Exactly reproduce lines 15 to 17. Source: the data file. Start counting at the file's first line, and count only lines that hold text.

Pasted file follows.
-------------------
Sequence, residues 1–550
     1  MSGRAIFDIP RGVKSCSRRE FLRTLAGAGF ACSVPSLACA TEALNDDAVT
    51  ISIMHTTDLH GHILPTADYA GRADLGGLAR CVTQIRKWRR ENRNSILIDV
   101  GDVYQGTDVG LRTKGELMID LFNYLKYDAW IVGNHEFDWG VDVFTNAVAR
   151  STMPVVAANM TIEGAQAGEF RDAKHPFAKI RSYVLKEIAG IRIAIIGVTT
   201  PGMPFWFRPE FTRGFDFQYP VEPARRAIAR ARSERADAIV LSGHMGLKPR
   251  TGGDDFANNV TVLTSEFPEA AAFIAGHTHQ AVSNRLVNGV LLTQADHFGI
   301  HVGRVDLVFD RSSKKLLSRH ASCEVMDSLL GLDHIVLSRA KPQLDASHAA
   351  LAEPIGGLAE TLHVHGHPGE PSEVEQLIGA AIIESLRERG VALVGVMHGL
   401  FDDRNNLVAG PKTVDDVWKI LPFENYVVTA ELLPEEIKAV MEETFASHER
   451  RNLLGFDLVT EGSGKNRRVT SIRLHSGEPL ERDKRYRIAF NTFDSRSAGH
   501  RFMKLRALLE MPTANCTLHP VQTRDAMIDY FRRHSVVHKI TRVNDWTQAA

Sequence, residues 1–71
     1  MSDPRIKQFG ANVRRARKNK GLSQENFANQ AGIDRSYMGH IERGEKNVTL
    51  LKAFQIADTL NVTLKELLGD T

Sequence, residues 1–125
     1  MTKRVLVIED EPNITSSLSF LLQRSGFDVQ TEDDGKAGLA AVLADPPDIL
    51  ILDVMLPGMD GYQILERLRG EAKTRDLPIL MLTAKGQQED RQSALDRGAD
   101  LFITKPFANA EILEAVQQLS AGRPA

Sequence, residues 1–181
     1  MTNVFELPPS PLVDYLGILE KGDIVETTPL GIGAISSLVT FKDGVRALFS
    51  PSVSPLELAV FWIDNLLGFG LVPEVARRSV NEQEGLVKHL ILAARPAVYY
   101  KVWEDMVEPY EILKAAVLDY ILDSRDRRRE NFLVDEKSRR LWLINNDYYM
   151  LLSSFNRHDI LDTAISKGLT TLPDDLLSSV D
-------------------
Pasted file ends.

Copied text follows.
    51  LKAFQIADTL NVTLKELLGD T

Sequence, residues 1–125
     1  MTKRVLVIED EPNITSSLSF LLQRSGFDVQ TEDDGKAGLA AVLADPPDIL